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What is the difference between VBS and PowerShell?

Posted on 2011-02-13
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Hi,

Could someone can explain what is the difference between VBS and PowerShell? What is the advantages and disavantaged of each one for a Windows System Admin? If I want to learn one of them which will you recommand?
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Question by:SAM2009
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by:Dale Harris
Dale Harris earned 332 total points
ID: 34884002
Here's a great article on why you would choose Powershell over VBS and the advantages.

http://www.experts-exchange.com/OS/Microsoft_Operating_Systems/Server/Windows_Server_2008/A_3296-The-Absolute-Beginner's-Guide-to-Powershell.html

And when you're done with that, and you want to know how it can benefit your life as a Server Administrator, you can check out this article:
http://www.experts-exchange.com/Programming/Languages/Scripting/Powershell/A_4327-PowerShell-Where-do-I-start.html

It goes into a little more depth of how you can unlock accounts very easily, reset passwords, and even create accounts.  Powershell is the future and it's the "Console" for Exchange 2007, Exchange 2010, and Sharepoint 2010.  It's definitely here to stay and made to improve upon VBS with a .Net flair.

HTH,

Dale Harris
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by:connectex
connectex earned 332 total points
ID: 34885019
It depends on what you're trying to acomplish. Some older products don't support PowerShell. Since VBS was released first it's supported by most products (Exchange 2003 / SQL 2005). However the newer products are favoring PowerShell over VBS (Exchange 2007 / 2010, SQL 2008 / 2008 R2, SharePoint 2010) . In fact some Exchange functionality is only available via Powershell cmdlets. So unless you have the latest products you may be forced to learn some about VBS and PowerShell in order to do most automation. PowerShell 2.0, the latest, comes with Windows 7 and Server 2008 R2. There are downloads for installed it on Vista, XP, Server 2003 and 2008. VBS support is included with all supported versions of Windows.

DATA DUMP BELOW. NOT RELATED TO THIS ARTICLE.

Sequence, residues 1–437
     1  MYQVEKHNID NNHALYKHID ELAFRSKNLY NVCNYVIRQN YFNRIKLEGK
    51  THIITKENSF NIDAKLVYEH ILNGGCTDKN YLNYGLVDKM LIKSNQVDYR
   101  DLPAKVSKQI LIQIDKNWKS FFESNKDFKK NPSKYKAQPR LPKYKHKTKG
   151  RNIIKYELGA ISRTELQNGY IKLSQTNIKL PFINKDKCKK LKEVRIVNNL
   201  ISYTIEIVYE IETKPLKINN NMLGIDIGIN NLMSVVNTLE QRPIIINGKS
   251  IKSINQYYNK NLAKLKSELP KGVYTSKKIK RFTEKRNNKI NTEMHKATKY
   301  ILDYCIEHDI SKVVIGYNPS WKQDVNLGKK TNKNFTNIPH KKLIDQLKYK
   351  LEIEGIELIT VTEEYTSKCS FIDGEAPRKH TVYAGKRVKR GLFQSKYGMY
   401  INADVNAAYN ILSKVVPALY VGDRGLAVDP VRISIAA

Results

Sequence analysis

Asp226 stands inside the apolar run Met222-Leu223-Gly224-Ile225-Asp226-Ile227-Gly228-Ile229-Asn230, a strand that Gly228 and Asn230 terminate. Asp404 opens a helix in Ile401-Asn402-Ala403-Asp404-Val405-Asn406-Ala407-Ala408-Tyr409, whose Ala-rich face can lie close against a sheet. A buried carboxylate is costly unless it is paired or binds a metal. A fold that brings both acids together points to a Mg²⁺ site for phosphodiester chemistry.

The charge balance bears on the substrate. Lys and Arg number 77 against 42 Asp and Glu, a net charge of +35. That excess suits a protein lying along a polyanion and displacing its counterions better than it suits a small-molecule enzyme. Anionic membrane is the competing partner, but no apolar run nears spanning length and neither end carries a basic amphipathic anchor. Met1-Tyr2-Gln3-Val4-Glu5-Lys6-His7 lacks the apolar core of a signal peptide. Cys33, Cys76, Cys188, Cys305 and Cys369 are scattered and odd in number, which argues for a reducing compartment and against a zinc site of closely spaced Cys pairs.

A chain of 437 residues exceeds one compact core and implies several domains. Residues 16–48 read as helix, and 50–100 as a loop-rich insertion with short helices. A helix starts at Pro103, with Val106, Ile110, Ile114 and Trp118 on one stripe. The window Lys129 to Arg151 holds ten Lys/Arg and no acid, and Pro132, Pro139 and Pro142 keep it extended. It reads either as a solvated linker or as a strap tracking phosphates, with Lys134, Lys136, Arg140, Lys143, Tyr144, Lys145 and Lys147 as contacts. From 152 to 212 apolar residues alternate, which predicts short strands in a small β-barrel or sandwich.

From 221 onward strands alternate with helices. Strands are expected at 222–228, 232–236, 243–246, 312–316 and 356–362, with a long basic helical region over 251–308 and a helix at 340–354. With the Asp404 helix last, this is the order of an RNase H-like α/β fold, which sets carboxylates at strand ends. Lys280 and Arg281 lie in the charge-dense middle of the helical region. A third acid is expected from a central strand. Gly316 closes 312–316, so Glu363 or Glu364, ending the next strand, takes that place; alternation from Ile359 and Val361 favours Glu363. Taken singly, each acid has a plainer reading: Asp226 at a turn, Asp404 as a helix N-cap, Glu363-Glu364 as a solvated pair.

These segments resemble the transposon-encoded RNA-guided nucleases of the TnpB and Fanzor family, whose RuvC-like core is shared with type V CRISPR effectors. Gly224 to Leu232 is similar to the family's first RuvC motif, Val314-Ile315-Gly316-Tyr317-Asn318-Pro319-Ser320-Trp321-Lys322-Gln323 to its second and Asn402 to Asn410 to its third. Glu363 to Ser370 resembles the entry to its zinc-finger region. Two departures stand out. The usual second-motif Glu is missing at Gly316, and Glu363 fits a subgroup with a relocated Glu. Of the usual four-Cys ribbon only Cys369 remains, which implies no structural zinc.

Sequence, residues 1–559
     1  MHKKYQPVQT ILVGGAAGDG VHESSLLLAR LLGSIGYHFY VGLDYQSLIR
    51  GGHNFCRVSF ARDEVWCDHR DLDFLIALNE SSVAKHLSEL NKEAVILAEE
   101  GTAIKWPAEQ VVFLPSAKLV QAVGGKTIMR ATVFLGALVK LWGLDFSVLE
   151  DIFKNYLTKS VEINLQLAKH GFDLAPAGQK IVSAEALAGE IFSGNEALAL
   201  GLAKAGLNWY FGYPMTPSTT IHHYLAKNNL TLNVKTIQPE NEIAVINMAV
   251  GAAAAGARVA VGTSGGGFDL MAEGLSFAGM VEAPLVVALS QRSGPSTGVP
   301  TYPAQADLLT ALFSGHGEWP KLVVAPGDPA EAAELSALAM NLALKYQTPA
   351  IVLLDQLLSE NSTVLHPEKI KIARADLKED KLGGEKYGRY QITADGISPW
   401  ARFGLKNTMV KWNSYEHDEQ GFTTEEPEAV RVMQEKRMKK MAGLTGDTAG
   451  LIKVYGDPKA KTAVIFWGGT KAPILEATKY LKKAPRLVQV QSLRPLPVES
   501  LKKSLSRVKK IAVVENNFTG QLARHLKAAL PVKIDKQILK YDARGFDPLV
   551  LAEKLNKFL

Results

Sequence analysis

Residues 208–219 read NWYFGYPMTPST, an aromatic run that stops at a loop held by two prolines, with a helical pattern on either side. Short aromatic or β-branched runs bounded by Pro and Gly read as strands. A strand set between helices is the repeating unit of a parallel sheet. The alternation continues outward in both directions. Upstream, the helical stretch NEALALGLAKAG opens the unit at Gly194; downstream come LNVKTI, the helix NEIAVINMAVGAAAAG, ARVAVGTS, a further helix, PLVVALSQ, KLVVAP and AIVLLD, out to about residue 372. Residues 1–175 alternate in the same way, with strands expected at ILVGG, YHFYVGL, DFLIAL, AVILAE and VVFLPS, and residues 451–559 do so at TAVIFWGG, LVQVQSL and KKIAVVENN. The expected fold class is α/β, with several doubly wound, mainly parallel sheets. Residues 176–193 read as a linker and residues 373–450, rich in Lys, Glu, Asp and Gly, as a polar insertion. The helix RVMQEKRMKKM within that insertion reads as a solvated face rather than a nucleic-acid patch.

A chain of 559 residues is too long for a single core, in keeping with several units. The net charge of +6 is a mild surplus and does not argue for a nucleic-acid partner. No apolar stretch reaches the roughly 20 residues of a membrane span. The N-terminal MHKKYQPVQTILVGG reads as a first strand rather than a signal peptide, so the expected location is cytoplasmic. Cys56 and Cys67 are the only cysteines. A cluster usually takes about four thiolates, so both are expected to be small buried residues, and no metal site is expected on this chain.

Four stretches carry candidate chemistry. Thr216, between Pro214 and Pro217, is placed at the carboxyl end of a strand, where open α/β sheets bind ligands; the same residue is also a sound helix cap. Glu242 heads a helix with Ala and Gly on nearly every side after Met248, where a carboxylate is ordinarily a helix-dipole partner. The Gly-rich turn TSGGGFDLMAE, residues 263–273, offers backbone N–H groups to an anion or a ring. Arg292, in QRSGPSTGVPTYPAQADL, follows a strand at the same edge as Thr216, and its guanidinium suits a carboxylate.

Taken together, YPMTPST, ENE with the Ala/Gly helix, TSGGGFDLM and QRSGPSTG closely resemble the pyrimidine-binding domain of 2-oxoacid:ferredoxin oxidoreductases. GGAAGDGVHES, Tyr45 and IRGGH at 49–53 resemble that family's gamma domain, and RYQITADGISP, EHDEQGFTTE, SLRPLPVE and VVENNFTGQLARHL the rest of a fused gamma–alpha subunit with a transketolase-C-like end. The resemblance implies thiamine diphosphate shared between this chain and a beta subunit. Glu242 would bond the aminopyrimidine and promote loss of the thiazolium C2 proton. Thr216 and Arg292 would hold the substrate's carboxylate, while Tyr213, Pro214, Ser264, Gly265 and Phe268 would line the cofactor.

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Chris Dent earned 336 total points
ID: 34886799
The differences are pretty vast.

VbScript is a difficult one for me to describe, it's a derivative of the Visual Basic programming language, and can make use of COM Objects, such as WScript.Network, WScript.Shell, ADSystemInfo, etc, etc. I believe it's popular for the reason Connectex mentions; it's available regardless of the version of Windows. VbScript was pretty much the language of choice for MS sys admins prior to PowerShell.

I have an easier time describing PowerShell. PowerShell is an Object-Oriented .NET Shell Scripting language. Because it is a .NET language it has an enormous range of native capabilities. PowerShell is the language of choice for almost all of the newer MS products. Most notably Exchange, but also Lync (successor to OCS) and quite a few others.

Personally I've abandoned VbScript in favour of PowerShell, no small change given that I have over 7 years experience with VbScript behind me. But 3 years into my PowerShell / .NET education there's no way you'd make me look back. PowerShell can do everything that VbScript can and a lot more besides.

Pros and cons... I can come up with a list, but it strikes me that MS are pushing PS hard and dropping VbScript and COM Object interfaces. As long as that is the case the choice is simple:

If you wish to script for newer MS systems (Exchange 2007+, MS Lync, SQL, SharePoint, etc, etc) you need to learn PowerShell.

I cannot advise anyone learns VbScript on that basis, but there are caveats, it does depend what you expect to do with the language. If you want to use it as a portal to VBA, then VbScript is a good choice. Or if you deal exclusively with legacy platforms VbScript is a good choice.

Of course, if you're capable of learning both, the both is a good choice too :)

Chris
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by:SAM2009
ID: 34903800
Thank you for all your advices.
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